Remember when US businesses heavily lobbied Congress to pass Most Favored Nation trade status for China? Supposedly this was going to open up China for American business. But the Chinese are very mercantilist. The Chinese government wants a domestic Chinese smart phone operating system.
Having long memories, China's Ministry of Information Industry officials recall their selection of GSM, the 2G European digital standard, under the brilliant former MII Minister Wu Ji-chuan, as the Chinese mobile standard in the mid-1990s. The GSM selection ushered into China foreign network equipment and mobile phone vendors (Ericsson and Nokia, by holding important GSM patents, occupied an advantageous position for GSM network and handset development, which left Chinese firms in catch-up mode). MII grudgingly worked with foreign suppliers, which made possible the enormous increase of Chinese mobile subscribers, and also concluded that a domestic mobile industry was strategically important for the Chinese state and economy. So this nationalist outlook led to MII adopting a Chinese 3G standard — TD-SCDMA — which became a long saga for network deployment.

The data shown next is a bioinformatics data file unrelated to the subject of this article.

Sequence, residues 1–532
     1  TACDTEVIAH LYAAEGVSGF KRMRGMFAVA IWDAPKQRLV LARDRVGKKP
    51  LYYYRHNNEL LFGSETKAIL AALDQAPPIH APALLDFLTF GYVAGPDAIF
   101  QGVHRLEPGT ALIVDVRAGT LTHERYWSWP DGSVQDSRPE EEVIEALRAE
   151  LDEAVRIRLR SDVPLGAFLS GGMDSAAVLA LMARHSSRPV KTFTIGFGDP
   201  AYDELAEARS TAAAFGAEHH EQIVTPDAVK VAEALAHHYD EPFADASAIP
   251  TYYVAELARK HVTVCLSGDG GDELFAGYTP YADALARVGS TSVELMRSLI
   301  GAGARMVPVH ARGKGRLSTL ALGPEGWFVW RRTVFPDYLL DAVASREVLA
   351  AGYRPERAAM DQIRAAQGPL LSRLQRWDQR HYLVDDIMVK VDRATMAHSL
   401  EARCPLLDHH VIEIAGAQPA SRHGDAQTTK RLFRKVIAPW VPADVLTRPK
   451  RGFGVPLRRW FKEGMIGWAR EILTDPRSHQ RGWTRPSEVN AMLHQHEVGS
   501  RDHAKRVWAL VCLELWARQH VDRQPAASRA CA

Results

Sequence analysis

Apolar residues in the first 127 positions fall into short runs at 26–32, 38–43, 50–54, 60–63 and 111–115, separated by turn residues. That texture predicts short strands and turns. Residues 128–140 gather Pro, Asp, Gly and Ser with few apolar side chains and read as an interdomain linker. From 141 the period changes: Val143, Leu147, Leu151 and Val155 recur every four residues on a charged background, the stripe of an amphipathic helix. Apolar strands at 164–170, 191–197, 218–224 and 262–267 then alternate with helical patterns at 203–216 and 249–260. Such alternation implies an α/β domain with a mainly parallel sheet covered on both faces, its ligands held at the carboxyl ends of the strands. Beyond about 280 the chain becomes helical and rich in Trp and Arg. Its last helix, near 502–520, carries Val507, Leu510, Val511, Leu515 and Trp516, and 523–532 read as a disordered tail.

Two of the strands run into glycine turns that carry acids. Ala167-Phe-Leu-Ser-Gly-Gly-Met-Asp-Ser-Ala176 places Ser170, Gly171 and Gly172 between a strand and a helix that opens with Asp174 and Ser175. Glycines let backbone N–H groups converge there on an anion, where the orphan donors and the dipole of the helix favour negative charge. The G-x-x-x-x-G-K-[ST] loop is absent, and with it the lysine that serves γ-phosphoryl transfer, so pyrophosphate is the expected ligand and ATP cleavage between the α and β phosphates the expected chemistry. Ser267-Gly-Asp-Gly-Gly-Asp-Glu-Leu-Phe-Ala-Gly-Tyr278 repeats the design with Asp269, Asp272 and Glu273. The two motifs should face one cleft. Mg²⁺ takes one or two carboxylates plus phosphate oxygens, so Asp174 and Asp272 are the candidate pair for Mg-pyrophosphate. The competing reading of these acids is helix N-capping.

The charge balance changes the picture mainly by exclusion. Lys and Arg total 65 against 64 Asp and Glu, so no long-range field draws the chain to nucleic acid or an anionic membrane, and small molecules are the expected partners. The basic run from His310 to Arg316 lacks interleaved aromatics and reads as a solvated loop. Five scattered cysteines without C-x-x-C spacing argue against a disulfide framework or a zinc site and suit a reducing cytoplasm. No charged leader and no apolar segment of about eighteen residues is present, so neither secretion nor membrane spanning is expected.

Crucially, all current mobile smart phone platforms – Android, Symbian, iOS 4, Windows Phone 7, WebOS, BlackBerry, and others – pose a problem to Chinese authorities: like the 1990s GSM and CDMA network standards, all are foreign-made. Foreign firms, according to MII, take revenues from Chinese enterprises (like carriers’ networks) and consumers, as well as having the potential to embed socially “harmful” software apps into handsets, including mobile search for politically sensitive topics. Ultimately, a China-domestic smart phone operating system (with Chinese-made apps) plus a domestic mobile search engine will be the best strategic 3G smart phone combination for MII. Hence, MII will certainly lobby China Mobile, China Unicom and China Telecom (the three Chinese mobile carriers) to push handset suppliers like Lenovo and Huawei (plus other OEMs for new tablets, auto apps, TV set-top boxes) to adopt new Chinese mobile platforms.
Microsoft, Google, and other big lights of American software have dim future prospects in China. The Chinese government will see to that.
China has a big enough internal market that it can pursue the same trade policy the United States followed in the 19th century: protect domestic industries from foreign competition so that domestic markets are serviced by companies that have their loyalties firmly for the nation and so that the elites that profit from economic growth will be domestic elites. This policy worked well for the United States, btw.
Contrast this with the free trade globalism of our own elites which admits to no doubts in Ricardo's fairly simple model of comparative advantage (or am I being unfair to Ricardo?). Which will do better in the long run?
|Share |||By Randall Parker at 2010 August 03 08:53 PM China|